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32. Brian Porter, A Coventry Kid
33. Experiences of the Coventry Blitz, by Joan Powell
34. War-time memories of Brian Richards
35. War-time memories of Jeanne Richards
36. Coventry Remembered, by Andrew Ross
37. The Coventry outings of Brian Rowstron & family
38. Time Gentlemen Please! - Jo Shepherd's Family
39. The life experiences of Mike Spellacy
40. Humber Works photographs of Peter Thacker
41. Early Coventry memories of Lizzie Tomlinson
42. Post-war decades remembered, by Mike Tyzack
43. Fireman Frank Walduck, remembered by Peter Walduck
44. Early memories of Coventry, by Muriel Wells
45. Family memories of Burt West
46. A Childhood in Stoke, by Graham Whitehead
 

Family memories of Burt West

Naul's Mill Park c1910
At the end of Mill Street, where Burt's mum was born, was Naul's Mill Park, pictured here in its prime before the First World War.

Born in 1940; the year Coventry changed forever, Burt West retains many memories that have been passed down the generations of his Coventry based family.

Beginning with his mother, Grace Mary Hogan was born in Mill Street in 1906. She worked in the weaving industry at Leigh Mills - a place better known by most people now, of course, as a car park. Burt's mum told how the girls there had to communicate using sign language, because the machines were much too noisy to enable normal conversation!

Perhaps, during what little leisure time Grace might have had, she relaxed in Naul's Mill Park, situated at the end of the street where she was born.

Rotherham's watch making factory around 1910
Rotherham's factory, pictured here around 1910, was synonymous with the watch making industry in Coventry.

Burt's grandfather, George John Hogan, also lived and worked in Coventry, beginning in the clock and watch trade, almost certainly in or around Spon Street.

After watch making, George joined forces with his father and uncle Tom, who had a stand in Broadgate from where they ran a horse-drawn taxi-cab service. As an interesting sideline from 'normal' fares, the Hogans also had a padded carriage for taking insane people to Hatton Hospital. According to Burt.... "It was a well know saying in Coventry to 'fetch Hogan' if someone had gone nuts!"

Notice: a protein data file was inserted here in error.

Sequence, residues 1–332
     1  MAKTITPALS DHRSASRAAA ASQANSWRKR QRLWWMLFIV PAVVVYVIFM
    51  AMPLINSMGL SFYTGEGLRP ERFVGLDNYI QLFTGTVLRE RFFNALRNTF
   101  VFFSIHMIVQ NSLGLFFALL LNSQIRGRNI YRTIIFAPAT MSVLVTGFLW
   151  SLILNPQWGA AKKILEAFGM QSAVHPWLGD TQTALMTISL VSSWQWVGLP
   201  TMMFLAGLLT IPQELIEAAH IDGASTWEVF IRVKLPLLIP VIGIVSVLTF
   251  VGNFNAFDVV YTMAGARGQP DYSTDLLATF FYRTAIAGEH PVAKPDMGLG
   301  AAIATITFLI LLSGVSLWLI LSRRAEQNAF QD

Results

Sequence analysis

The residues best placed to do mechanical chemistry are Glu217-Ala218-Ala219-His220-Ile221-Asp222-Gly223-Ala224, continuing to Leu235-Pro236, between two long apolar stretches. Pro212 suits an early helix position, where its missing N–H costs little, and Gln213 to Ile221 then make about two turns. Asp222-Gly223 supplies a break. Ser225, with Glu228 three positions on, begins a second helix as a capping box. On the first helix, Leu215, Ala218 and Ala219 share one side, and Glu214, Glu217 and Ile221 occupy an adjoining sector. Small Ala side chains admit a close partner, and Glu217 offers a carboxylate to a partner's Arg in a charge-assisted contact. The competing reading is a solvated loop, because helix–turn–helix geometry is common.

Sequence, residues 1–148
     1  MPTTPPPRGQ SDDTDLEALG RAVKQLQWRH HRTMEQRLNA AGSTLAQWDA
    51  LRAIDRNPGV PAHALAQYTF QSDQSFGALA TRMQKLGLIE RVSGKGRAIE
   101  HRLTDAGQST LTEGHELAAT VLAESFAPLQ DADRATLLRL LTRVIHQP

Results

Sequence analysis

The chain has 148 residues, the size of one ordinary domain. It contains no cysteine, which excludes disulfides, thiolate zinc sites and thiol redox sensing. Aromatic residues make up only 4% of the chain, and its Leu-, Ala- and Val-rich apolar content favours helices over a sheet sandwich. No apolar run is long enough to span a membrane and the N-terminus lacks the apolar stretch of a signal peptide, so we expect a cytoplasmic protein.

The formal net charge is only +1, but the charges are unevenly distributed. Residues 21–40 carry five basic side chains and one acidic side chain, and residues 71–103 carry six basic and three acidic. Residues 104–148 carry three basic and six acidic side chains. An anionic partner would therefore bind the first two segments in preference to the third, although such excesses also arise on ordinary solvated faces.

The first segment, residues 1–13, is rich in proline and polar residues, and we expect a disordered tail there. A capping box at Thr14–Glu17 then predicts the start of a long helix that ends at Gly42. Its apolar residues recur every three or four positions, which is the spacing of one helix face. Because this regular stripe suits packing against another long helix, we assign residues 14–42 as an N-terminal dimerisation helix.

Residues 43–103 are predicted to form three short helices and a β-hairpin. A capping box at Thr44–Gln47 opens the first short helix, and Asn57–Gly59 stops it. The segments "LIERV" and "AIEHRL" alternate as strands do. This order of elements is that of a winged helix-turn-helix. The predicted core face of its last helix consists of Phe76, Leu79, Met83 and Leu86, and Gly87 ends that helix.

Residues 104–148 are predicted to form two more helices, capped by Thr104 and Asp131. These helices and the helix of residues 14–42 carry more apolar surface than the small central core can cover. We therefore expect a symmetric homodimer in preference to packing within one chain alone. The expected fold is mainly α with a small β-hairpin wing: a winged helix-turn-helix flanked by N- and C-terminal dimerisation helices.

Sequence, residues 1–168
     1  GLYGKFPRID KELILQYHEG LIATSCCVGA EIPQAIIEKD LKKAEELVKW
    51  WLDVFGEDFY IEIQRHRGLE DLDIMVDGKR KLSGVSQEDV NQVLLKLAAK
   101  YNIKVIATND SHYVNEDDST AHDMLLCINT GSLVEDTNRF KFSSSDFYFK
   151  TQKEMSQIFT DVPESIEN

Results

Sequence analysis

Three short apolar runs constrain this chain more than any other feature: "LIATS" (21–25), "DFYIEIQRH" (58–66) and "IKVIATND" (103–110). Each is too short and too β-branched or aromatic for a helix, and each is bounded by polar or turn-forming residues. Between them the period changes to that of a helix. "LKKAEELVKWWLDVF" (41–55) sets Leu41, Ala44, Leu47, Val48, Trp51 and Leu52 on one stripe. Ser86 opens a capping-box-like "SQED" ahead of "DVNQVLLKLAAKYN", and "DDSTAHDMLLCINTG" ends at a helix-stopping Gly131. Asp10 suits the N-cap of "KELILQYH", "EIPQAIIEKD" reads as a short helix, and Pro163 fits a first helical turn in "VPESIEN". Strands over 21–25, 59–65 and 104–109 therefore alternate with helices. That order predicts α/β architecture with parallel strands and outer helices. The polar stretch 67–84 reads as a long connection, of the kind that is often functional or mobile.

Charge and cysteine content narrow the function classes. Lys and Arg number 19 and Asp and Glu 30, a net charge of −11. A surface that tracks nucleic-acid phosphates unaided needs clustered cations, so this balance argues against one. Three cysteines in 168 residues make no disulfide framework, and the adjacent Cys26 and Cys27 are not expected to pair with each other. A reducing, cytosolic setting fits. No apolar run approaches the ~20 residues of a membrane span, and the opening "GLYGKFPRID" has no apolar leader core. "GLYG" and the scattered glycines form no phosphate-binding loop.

As the First World War approached, the government commandeered all the horses, and gave the Hogan family a note to the value. Unfortunately, no money was forthcoming, and so eventually the business folded.

When the time came, Burt's granddad was called up for his army service, where fortunately he survived the terrible 1914 to 1918 conflict. Many tales were to arise from his time spent in the trenches - Burt remembers....

.... "he captured a Turkish officer who he became very friendly with, but felt sorry for him and let him go. The officer gave him a pearl handled revolver and a bag of diamonds! I always remember seeing them as a young boy, but I think they were lost in a card game, so nothing was ever passed down.... but stories of yesteryear - they're worth more than material goods don't you think? I wouldn't have minded a nice Coventry pocket watch though!"


 
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Early memories of Coventry, by Muriel Wells
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Family memories of Burt West
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A Childhood in Stoke, by Graham Whitehead
 
 
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